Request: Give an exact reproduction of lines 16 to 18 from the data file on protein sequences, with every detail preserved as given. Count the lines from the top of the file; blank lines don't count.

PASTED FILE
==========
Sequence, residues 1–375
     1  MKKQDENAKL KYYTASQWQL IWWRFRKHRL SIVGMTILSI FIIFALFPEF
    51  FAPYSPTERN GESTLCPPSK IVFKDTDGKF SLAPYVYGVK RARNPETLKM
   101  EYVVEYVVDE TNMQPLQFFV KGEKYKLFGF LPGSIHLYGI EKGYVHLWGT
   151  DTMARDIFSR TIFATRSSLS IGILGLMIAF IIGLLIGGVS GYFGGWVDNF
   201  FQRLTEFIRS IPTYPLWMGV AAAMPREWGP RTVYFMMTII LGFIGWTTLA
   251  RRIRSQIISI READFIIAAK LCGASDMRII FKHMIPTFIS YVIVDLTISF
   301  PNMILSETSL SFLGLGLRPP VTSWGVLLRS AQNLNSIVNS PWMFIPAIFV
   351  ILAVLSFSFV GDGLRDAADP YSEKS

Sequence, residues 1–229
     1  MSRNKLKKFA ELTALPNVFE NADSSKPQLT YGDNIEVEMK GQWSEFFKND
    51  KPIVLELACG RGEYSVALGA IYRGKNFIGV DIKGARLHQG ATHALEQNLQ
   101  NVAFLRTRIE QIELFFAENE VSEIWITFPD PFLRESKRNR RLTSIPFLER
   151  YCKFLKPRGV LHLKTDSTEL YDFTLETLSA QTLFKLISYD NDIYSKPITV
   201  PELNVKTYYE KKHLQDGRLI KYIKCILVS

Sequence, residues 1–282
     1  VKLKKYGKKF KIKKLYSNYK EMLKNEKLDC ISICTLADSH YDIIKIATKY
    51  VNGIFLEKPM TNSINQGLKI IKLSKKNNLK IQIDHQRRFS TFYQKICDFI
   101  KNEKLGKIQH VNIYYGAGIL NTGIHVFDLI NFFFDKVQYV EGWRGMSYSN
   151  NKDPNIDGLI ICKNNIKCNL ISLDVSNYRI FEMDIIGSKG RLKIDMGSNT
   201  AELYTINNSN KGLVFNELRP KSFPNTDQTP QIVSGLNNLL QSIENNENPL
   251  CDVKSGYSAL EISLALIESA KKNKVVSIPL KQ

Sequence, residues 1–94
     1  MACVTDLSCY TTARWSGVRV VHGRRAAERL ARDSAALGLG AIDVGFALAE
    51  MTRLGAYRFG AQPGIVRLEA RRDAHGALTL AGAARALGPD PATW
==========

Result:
Sequence, residues 1–282
     1  VKLKKYGKKF KIKKLYSNYK EMLKNEKLDC ISICTLADSH YDIIKIATKY
    51  VNGIFLEKPM TNSINQGLKI IKLSKKNNLK IQIDHQRRFS TFYQKICDFI